LONDON May 23 Companies' disclosure of risks to
their business from climate change could become mandatory in a
few years as investor pressure gathers pace, climate finance
experts said on Tuesday.
Investors have urged companies, particularly those operating
in the oil, gas and coal sectors, to disclose the financial
impact of long-term climate change and increase transparency as
the world shifts away from fossil fuels.
"I think we are moving towards the disclosure of climate
change risks and stress testing of investments by companies.
That is something which is gaining traction," John Roome, senior
director of climate change at the World Bank, told an FT climate
finance summit in London.
"We are now in the voluntary stage but I suspect that in a
few years we may very well see standardised requirements from
various regulatory authorities on disclosure of climate risk,"
Last year, a global task force set up by the G20's Financial
Stability Board proposed that companies disclose in their public
financial findings how they identify and manage risks to their
business from climate change.
Although the measures are voluntary, there are calls for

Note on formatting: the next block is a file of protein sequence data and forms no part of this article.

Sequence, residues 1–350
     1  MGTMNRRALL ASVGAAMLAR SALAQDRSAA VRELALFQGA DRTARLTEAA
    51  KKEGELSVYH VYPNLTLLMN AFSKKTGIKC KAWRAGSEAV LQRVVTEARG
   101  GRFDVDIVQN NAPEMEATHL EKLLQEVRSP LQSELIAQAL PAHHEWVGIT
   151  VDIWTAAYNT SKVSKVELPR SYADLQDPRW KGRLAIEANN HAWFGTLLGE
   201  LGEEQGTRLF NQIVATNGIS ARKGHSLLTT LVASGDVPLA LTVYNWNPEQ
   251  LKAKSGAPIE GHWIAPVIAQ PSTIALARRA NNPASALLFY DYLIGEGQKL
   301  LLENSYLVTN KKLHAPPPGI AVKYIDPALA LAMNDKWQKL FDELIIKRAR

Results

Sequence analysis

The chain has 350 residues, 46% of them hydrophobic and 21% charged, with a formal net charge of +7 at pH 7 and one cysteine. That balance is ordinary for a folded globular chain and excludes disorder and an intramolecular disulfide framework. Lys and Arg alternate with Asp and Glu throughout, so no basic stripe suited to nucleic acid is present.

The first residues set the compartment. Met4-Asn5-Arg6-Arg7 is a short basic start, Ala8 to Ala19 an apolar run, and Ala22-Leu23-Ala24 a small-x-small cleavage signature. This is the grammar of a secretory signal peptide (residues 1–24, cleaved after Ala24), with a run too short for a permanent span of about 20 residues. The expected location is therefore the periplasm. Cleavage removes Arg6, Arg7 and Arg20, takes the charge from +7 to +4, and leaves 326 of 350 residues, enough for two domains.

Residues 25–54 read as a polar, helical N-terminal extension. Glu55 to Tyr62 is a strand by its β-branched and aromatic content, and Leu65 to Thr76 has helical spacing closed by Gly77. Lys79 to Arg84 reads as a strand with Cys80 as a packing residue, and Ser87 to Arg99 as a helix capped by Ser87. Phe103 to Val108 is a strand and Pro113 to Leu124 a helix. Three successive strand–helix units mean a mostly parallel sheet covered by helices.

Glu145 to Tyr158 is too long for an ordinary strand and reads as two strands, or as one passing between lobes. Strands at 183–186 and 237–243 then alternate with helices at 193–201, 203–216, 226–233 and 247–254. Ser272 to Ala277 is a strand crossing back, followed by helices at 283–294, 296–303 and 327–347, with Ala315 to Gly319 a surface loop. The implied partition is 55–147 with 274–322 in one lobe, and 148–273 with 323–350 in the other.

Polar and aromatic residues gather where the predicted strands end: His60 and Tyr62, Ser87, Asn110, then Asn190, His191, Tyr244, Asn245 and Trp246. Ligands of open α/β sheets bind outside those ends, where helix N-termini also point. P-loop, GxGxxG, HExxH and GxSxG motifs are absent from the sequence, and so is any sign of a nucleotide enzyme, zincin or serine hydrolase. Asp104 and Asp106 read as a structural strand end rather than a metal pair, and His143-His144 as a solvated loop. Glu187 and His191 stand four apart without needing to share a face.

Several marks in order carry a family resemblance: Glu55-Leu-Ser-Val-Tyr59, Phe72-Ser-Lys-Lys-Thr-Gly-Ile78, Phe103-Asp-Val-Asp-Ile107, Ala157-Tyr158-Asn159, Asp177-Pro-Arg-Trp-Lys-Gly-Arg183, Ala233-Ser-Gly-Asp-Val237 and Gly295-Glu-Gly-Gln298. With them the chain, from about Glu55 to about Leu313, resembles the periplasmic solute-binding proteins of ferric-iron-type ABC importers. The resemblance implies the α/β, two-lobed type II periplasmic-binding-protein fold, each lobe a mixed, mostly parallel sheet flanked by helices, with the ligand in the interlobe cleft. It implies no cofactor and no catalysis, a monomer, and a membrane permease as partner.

them to become mandatory. This could happen in a few years and
further ahead, prudential requirements could be placed on
potential stranded assets, Roome said.
Last year, institutions managing trillions of U.S. dollars
of assets called for oil majors Exxon Mobil and Chevron
to disclose the impact of curbing global temperature
rise on their businesses, although shareholders narrowly voted
against resolutions calling for such stress tests.
Investors are also pushing oil giant Royal Dutch Shell
to explain the finer details of its plan to link
executives' bonus pay to lowering carbon emissions.
However, there are a number of financial regulators who
argue that climate risk is not part of companies' core business,
Environmental lawyer Alice Garton at ClientEarth said
existing laws apply to company disclosure where climate risks
are material, or affect the economic decisions of shareholders.
There have already been lawsuits in the United States
against Exxon Mobil and coal miner Peabody Energy Corp over
disclosures related to climate change.
ClientEarth said it had written to energy company BP,
miner and trader Glencore and investors this week
warning of the risk of investor lawsuits based on statements
about future fossil fuel demand in their reporting.
"It is highly likely that more cases like Peabody and Exxon
arise in the future. Class action lawyers have become very
clever at developing these cases for profit," said Garton,
company and financial project leader at ClientEarth.
(Reporting by Nina Chestney; editing by Susan Thomas)